GameStop Corp (NYSE:GME)’s stock dived around 9% in extended trading on Wednesday after the video game retailer’s mixed second-quarter earnings report. GameStop surpassed revenue predictions but did not come up to scratch on earnings.
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According to MarketWatch, the company’s shares remained “in a holding pattern for about an hour before plunging as much as 10% following a brief conference call in which GameStop’s new chief executive, Matt Furlong, read off a press release and took no questions.”
The earnings report revealed how GameStop had a net loss of $61.6 million –equivalent to 85 cents a share– “compared with a net loss of $111.3 million, or $1.71 a share, in the year-ago quarter.”
“The company’s adjusted net loss was $55 million, or 76 cents a share,” while revenue rose 26% to $1.18 billion from $942 million a year ago.
Analysts were expecting a net loss of 67 cents a share with revenue hitting $1.12 billion.
Matt Furlong said on a conference call after the earnings announcement that, for investors, revenue is the key indicator of GameStop’s business performance.
Still, the earnings report depicts a less unfavorable debt and a more positive growth from a year ago, when the company reported a loss of $1.40 a share, according to MarketWatch.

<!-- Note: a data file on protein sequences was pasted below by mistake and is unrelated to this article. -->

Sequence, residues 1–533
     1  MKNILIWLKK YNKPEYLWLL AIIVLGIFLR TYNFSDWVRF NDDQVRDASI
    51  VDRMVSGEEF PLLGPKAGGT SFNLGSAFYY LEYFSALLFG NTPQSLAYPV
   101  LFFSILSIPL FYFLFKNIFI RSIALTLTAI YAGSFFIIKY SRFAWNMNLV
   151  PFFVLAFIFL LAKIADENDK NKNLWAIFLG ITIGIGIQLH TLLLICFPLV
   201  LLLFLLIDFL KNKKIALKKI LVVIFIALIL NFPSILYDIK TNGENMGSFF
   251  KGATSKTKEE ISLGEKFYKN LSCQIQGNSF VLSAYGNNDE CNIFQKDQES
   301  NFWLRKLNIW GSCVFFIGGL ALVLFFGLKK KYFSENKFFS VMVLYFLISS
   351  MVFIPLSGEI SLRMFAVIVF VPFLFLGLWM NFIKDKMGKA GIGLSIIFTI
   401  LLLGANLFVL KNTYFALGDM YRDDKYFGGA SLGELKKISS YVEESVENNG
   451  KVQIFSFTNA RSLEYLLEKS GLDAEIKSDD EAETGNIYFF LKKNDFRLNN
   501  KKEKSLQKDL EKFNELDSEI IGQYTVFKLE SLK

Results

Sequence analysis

In the short conference call with investors, Furlong gave information on the company’s overall strategy upon the lukewarm Q2 earnings.
“We now have unified leadership fully focused on two long-term goals - delighting customers and delivering value for stockholders …. We are focused on positioning GameStop to scale while obsessing over competitive pricing, expansive selection, and fast shipping.”
As reported by CNBC, the GameStop stock frenzy led to wild fluctuations in value. “Although it’s far below its 52-week high, GameStop’s market cap has swelled to $14.28 billion, even though the company is still posting quarterly losses.”
In late January, the frenzy around GameStop stock had lost strength, when it lost around 40% on a Tuesday after soaring 400% the previous week. The stock got to plunge by nearly 60%, trading at $92 per share after reaching an all-time high of $347.
The company is currently betting on the e-commerce business, as it announced the signing of a lease for a 530,000-square-foot facility center in Reno, Nevada. With it, GameStop is set to improve the delivery of online orders.